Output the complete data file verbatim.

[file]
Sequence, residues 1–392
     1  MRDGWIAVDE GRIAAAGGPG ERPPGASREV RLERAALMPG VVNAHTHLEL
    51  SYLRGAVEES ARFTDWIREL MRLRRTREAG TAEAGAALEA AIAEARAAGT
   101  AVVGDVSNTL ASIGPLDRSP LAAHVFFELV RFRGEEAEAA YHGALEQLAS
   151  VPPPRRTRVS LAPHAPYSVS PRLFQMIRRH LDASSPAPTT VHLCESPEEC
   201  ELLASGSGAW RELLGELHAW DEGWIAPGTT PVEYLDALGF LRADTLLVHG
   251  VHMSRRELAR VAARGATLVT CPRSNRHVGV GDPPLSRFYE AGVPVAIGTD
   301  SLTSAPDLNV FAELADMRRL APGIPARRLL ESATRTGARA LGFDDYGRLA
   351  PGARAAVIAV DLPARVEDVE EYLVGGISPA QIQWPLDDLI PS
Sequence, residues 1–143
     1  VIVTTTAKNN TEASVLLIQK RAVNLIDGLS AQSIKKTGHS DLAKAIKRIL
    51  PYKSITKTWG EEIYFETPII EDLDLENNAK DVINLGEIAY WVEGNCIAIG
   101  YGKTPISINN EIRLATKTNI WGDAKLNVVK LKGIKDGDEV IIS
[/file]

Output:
Sequence, residues 1–392
     1  MRDGWIAVDE GRIAAAGGPG ERPPGASREV RLERAALMPG VVNAHTHLEL
    51  SYLRGAVEES ARFTDWIREL MRLRRTREAG TAEAGAALEA AIAEARAAGT
   101  AVVGDVSNTL ASIGPLDRSP LAAHVFFELV RFRGEEAEAA YHGALEQLAS
   151  VPPPRRTRVS LAPHAPYSVS PRLFQMIRRH LDASSPAPTT VHLCESPEEC
   201  ELLASGSGAW RELLGELHAW DEGWIAPGTT PVEYLDALGF LRADTLLVHG
   251  VHMSRRELAR VAARGATLVT CPRSNRHVGV GDPPLSRFYE AGVPVAIGTD
   301  SLTSAPDLNV FAELADMRRL APGIPARRLL ESATRTGARA LGFDDYGRLA
   351  PGARAAVIAV DLPARVEDVE EYLVGGISPA QIQWPLDDLI PS
Sequence, residues 1–143
     1  VIVTTTAKNN TEASVLLIQK RAVNLIDGLS AQSIKKTGHS DLAKAIKRIL
    51  PYKSITKTWG EEIYFETPII EDLDLENNAK DVINLGEIAY WVEGNCIAIG
   101  YGKTPISINN EIRLATKTNI WGDAKLNVVK LKGIKDGDEV IIS